Two dietary rosemary extracts (DREs) containing diterpenes (carnosic acid and carnosol at 1:1 and 2:1 w:w) were tested in fattening lambs to stabilize the sensory quality of cooked and chill-stored patties. A total of 63 lambs were fed freely for 80 ± 5 d with a basal diet supplemented or not with DRE. Minced leg meat from each lamb was used to make patty batches. The patties were cooked at 72 ºC for 2 min, aerobically packed, kept at 2 ºC for up to 4 d and then reheated. Sensory traits (color, odor, flavor, and texture), CIELab color, and lipid oxidation (assessed as TBARS) were determined. In a first experiment, the lamb diet was supplemented with 600 mg of 1:1-DRE or 2:1-DRE kg(-1) feed. The 1:1-DRE diet delayed discoloration, flavor deterioration, and rancidity, while the 2:1-DRE diet was ineffective in this respect. In a second experiment, 4 supplementation levels of 1:1-DRE (0, 200, 400, and 600 mg kg(-1) feed) were compared. Flavor deterioration was delayed when the lamb diet was supplemented with at least 400 mg 1:1-DRE kg(-1) feed. The effects of the diet on the odor, flavor, and color were corroborated by differences in TBARS and CIELab. The results obtained suggest that rosemary diterpenes and/or their active secondary compounds deposited in muscle can act as endogenous antioxidants in cooked lamb. The carnosol intake seems crucial in the antioxidant actions achieved through DRE. The use of rosemary antioxidants in animal feeding would allow meat-based dishes to be preserved longer without adding preservatives.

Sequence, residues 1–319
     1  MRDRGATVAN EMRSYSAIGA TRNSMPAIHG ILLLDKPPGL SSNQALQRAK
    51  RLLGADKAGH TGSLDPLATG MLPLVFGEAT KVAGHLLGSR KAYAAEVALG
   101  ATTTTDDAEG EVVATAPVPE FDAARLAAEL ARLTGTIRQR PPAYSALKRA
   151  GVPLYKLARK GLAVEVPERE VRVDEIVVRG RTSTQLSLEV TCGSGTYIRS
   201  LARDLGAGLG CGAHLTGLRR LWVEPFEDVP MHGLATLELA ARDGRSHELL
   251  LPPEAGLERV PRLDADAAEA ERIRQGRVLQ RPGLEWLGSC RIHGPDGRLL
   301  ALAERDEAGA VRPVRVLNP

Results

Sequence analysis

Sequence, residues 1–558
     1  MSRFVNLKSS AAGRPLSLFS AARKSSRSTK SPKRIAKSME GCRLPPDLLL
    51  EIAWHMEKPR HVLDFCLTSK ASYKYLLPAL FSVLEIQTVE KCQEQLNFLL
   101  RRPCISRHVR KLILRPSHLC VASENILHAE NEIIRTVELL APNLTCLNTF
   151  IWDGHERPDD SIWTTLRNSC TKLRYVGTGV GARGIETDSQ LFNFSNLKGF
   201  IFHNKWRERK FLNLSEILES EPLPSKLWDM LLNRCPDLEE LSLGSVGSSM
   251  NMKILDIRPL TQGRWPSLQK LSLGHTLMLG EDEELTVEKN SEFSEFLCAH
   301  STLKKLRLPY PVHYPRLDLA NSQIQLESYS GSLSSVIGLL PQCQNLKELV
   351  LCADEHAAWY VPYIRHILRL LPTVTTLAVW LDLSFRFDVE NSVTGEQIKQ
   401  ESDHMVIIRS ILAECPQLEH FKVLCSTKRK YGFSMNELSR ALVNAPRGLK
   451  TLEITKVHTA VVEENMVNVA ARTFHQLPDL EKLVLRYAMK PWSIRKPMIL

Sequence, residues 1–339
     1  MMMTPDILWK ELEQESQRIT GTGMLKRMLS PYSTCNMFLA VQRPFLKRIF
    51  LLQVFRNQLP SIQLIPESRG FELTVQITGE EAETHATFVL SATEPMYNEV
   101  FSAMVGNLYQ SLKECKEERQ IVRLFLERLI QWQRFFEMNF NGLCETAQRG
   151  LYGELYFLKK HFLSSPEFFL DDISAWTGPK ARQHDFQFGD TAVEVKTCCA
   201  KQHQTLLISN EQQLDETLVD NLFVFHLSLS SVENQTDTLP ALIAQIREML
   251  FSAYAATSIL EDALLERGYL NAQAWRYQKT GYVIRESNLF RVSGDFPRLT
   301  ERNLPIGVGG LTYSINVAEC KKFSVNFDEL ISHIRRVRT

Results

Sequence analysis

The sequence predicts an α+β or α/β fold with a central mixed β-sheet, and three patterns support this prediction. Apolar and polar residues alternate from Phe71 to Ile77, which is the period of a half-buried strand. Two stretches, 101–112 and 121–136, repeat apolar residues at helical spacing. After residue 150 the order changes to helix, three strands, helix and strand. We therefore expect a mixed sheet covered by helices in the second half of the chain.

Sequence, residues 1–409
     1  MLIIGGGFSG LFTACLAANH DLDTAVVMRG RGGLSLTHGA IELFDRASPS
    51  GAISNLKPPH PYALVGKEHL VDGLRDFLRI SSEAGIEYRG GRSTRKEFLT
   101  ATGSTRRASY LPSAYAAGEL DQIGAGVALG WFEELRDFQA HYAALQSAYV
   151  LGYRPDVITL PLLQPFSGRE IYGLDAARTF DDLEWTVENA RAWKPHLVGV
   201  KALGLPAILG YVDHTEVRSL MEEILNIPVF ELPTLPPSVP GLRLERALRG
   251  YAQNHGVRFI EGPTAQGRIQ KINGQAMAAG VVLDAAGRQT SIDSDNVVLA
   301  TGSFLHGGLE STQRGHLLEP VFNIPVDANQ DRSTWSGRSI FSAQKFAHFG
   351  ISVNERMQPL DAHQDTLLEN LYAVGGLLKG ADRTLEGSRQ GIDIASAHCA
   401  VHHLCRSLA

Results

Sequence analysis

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http://dx.doi.org/10.1111/1750-3841.12585DOI Listing
September 2014

Shelf life of meat from lambs given essential oil-free rosemary extract containing carnosic acid plus carnosol at 200 or 400 mg kg⁻¹.

Meat Sci 2014 Apr 1;96(4):1452-9. Epub 2013 Dec 1.

Department of Food Science and Technology and Nutrition, Faculty of Veterinary Science, University of Murcia, Espinardo, 30071 Murcia, Spain. Electronic address: